Of course, the lower the number, the closer the two are in price.
As you can see, Asian-produced OEM replacement parts tend to be around 30% more expensive than aftermarket ones. The discrepancy is lower for European-made equipment.
On the other hand, this difference has decreased by 7% in six years for domestically produced parts.
Still, in most cases, it’s a lot cheaper to purchase an aftermarket part than an OEM one.
Nevertheless, OEM parts almost always come with a warranty, so you’re protected against any damage while you use them.
Conversely, the manufacturer doesn’t test aftermarket replacement parts for compatibility. This means you could be ruining your machine by using a piece that doesn’t fit right.
Moreover, if you’ve used aftermarket parts, you can’t hold the OEM responsible in case of damage.
Common Parts to Replace on Heavy Equipment
When buying heavy equipment, you need to understand which parts you will likely have to replace in time.
It’s no secret that certain parts simply go out faster than others. In the OEM’s manual, you will find the manufacturer’s recommendations on how often you’ll have to replace parts.
This tells you that even the OEM knows that specific parts of your equipment can endure less wear and tear.
Such parts include:
- different types of filters (air, fuel, hydraulic, oil)
- fluids (engine oil, hydraulic fluid, transmission fluid)
- engine starters
- spark plugs
Of course, with proper maintenance, you can get these parts to last as long as possible, but sooner or later, you’ll have to replace them.
To begin with, filters play an essential role in the functioning of your equipment. In short, they keep contaminants out of your machine’s components, such as engine and fluids.
Air filters protect the engine, while fluid filters keep fluids clean and contaminant-free. This function makes them indispensable to your machine.
Because of their importance, you should regularly clean and replace filters. With time, they can get too dirty, which allows debris to contaminate your machine.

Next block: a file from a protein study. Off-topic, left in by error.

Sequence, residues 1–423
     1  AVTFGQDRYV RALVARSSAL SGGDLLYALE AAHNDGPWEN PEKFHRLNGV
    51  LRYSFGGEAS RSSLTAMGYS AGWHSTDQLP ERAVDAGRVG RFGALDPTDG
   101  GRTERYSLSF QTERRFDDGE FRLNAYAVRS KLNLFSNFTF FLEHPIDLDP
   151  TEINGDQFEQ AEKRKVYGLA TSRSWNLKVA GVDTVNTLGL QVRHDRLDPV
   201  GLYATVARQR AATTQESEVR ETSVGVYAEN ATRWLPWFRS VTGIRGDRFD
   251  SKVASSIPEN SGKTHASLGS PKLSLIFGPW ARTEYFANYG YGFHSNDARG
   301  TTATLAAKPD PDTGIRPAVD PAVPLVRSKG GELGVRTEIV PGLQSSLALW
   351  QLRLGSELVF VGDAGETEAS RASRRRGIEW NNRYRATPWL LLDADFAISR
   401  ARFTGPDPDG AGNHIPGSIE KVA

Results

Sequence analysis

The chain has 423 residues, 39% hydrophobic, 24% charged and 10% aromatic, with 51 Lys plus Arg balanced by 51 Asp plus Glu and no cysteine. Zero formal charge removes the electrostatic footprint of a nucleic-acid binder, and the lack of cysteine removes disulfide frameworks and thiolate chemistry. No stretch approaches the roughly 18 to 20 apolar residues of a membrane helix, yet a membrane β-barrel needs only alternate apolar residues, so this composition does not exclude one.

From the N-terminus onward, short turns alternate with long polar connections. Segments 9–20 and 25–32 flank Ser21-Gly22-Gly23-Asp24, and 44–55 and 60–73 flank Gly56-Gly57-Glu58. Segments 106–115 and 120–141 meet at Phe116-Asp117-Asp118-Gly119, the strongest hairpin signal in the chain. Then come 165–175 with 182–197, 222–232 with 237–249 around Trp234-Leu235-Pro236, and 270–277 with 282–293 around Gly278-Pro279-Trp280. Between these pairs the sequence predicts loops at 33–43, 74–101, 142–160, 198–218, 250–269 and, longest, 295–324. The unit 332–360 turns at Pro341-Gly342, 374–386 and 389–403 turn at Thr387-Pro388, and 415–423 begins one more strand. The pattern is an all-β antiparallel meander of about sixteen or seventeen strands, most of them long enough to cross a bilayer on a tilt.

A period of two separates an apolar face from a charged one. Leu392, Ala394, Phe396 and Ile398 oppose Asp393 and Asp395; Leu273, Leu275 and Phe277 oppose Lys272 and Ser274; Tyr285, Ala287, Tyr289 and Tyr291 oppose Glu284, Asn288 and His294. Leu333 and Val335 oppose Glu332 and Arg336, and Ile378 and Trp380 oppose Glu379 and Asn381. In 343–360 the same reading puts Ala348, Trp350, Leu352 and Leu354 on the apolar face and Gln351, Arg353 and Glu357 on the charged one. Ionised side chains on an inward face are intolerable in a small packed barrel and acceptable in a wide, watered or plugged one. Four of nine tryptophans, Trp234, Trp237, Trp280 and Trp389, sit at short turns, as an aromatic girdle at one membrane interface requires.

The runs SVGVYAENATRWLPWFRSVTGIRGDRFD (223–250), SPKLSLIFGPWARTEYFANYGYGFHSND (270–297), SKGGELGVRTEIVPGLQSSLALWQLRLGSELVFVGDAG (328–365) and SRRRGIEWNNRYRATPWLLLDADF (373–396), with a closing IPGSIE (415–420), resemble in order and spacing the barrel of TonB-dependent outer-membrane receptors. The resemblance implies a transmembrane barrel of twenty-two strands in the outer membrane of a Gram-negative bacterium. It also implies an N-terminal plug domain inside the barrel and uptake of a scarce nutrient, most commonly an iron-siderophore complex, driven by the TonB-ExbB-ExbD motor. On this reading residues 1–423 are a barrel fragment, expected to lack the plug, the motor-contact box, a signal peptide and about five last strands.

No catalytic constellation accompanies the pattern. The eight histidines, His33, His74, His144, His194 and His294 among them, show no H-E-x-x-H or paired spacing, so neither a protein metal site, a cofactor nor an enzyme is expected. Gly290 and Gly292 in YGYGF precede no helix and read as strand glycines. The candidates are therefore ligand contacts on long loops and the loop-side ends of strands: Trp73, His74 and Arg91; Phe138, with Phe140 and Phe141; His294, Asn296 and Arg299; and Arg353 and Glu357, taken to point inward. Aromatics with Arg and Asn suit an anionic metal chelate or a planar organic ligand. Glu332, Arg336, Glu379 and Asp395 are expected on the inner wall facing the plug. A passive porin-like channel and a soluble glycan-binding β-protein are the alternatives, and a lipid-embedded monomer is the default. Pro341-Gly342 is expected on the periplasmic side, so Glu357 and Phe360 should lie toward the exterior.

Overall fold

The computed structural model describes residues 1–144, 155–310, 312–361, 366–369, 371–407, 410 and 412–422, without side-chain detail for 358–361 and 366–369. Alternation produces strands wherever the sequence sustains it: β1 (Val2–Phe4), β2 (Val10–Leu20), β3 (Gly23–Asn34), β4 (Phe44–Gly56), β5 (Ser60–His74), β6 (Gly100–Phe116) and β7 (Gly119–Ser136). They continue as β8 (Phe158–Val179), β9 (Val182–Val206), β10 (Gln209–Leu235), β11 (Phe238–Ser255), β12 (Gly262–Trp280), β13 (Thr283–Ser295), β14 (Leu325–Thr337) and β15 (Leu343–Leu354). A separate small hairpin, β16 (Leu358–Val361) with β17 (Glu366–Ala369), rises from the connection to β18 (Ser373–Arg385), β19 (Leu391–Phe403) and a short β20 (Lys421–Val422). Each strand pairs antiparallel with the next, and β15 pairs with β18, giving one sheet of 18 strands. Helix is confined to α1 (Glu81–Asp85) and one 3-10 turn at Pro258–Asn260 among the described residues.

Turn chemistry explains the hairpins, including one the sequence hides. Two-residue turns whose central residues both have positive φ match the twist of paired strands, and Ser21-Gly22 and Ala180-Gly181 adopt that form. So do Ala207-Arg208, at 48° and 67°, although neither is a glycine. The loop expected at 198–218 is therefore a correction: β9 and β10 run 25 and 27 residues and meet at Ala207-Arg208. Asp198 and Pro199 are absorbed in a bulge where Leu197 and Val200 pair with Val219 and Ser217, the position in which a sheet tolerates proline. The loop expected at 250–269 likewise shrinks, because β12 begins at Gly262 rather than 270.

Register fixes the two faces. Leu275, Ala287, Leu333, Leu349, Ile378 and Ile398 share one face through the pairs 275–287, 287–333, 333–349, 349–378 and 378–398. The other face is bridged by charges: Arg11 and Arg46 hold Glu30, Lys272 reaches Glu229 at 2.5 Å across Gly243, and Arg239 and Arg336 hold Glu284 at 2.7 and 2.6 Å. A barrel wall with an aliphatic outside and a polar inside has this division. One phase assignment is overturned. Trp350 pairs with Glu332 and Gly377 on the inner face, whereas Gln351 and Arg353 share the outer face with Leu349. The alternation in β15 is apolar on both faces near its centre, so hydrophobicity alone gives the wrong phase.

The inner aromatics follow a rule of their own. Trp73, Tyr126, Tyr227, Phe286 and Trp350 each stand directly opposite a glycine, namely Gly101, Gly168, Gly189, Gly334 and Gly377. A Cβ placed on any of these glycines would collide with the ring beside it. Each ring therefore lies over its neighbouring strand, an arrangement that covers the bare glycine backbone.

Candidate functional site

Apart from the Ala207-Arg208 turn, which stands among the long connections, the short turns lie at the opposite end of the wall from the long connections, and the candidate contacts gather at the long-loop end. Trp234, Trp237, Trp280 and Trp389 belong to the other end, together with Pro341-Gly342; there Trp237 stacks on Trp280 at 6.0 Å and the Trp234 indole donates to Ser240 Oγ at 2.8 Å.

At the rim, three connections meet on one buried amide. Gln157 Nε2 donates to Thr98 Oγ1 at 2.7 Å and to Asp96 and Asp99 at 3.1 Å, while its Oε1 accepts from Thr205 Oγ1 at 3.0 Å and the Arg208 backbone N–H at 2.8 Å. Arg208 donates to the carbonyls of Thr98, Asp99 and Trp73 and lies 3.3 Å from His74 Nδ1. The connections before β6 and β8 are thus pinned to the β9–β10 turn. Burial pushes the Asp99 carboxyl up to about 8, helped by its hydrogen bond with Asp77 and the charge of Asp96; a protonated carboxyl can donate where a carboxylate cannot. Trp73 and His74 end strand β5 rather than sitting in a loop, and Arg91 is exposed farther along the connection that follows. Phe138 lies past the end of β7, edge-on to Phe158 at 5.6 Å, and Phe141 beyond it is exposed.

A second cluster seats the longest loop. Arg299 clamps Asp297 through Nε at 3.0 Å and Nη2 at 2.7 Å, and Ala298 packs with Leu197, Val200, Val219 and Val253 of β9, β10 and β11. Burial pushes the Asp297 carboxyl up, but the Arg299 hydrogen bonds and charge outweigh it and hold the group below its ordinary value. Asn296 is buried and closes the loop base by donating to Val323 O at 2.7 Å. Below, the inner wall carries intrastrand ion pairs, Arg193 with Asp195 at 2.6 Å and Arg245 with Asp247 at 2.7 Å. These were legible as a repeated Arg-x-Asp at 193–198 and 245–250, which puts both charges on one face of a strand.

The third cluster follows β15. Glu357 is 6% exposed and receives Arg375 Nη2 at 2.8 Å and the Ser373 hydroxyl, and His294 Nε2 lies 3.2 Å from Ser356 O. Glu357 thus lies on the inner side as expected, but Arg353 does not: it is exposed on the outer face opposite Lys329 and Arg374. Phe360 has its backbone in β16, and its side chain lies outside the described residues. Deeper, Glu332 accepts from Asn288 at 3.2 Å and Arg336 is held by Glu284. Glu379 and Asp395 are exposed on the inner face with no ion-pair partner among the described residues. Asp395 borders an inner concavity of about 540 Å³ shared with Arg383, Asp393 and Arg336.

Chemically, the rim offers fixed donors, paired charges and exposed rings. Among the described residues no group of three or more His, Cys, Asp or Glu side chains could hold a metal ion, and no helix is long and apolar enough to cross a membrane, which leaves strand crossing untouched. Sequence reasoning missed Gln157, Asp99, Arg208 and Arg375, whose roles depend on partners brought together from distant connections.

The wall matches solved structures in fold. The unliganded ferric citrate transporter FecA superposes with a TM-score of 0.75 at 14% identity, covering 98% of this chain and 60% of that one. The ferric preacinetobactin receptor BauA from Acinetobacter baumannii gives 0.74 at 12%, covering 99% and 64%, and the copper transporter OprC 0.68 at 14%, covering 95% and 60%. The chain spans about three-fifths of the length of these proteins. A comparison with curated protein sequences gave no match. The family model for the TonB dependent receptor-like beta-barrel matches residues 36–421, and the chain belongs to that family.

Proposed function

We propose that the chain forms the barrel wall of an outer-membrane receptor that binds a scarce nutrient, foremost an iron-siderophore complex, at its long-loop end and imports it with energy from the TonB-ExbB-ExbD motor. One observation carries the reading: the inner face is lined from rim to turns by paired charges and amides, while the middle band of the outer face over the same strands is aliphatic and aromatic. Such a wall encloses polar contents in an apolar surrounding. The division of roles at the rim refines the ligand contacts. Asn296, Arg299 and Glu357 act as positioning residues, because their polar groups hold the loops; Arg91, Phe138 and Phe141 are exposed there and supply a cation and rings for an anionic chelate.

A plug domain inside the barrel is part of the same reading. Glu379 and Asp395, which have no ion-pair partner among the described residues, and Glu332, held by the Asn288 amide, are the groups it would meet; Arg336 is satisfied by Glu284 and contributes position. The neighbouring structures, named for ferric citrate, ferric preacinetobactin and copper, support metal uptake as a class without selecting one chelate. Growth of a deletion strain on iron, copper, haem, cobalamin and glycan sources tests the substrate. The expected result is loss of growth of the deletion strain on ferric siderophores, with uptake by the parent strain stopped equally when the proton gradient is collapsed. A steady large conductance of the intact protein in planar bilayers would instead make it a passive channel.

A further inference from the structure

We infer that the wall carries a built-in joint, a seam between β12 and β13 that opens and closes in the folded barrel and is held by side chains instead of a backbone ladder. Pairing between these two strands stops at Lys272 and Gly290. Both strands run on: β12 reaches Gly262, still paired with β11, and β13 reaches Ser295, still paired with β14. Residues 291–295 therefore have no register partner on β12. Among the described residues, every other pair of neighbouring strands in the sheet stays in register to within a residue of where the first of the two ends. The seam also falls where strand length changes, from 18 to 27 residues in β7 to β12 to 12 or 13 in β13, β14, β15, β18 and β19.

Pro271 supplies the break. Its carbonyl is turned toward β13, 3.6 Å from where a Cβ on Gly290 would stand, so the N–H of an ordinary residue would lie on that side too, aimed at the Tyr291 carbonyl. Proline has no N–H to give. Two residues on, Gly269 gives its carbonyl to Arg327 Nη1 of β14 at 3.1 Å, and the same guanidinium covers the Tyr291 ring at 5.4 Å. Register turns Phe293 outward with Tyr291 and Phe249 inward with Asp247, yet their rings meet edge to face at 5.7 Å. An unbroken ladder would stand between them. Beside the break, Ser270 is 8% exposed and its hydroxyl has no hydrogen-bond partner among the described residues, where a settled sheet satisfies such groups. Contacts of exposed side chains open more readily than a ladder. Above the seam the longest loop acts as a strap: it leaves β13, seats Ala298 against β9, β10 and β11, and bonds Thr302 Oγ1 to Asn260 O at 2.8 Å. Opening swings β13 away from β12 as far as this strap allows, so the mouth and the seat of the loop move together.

Engine starters are also vital for any type of equipment as you always need your machine to start. Since they get used whenever you turn the machinery on, the chances for wear and tear are higher.
The risks increase if you turn the machine off whenever you don’t use it instead of leaving it idle. And turning it off is something you’re likely to do because it preserves the engine and saves fuel.
Schedule maintenance when you notice the engine doesn’t turn on as fast as it should or hear some unusual sounds. You need to determine whether the engine starter needs servicing or replacing.
When to Replace Parts on Heavy Equipment
Additionally, it is crucial to understand when you should replace heavy equipment parts.
Knowing when to act can help you prevent downtime and prolong your equipment’s useful life at the same time.
On the other hand, if you don’t take action on time, you may face equipment failure, malfunctioning parts, unplanned downtime, and costly replacements and repairs.
The parts you should pay most attention to are your filters, batteries, hoses, and fluids.
Your heavy machinery will typically have four types of filters:
Their purpose is to prevent debris, dust, and filth from entering crucial parts of your machine. That’s why you need to regularly check your filters and clean or replace them when necessary.
You should change air filters after careful inspection, as soon as you notice they need replacing, and not on a set schedule since you can’t know when the filter will become clogged.
Similarly, replace a hydraulic filter when it’s at 80% of its capacity for optimal performance. Experts recommend replacing oil filters after every two oil changes.
Next, fuel filters should last you for 10,000 to 20,000 miles. Still, it’s important to schedule maintenance so you can inspect the filters’ condition.
Then, batteries can function for four to five years, similarly to hoses. Once again, regular inspections can help you find and eliminate any problems.
Without such checks, you may be running your machine with a faulty part. Doing this causes that piece, those around it, and in some cases, the entire machine to deteriorate rapidly.
On top of this, you should perform regular fluid checks. When your machine runs out of fluids, your engine could fail, so it pays off to check the fluids regularly.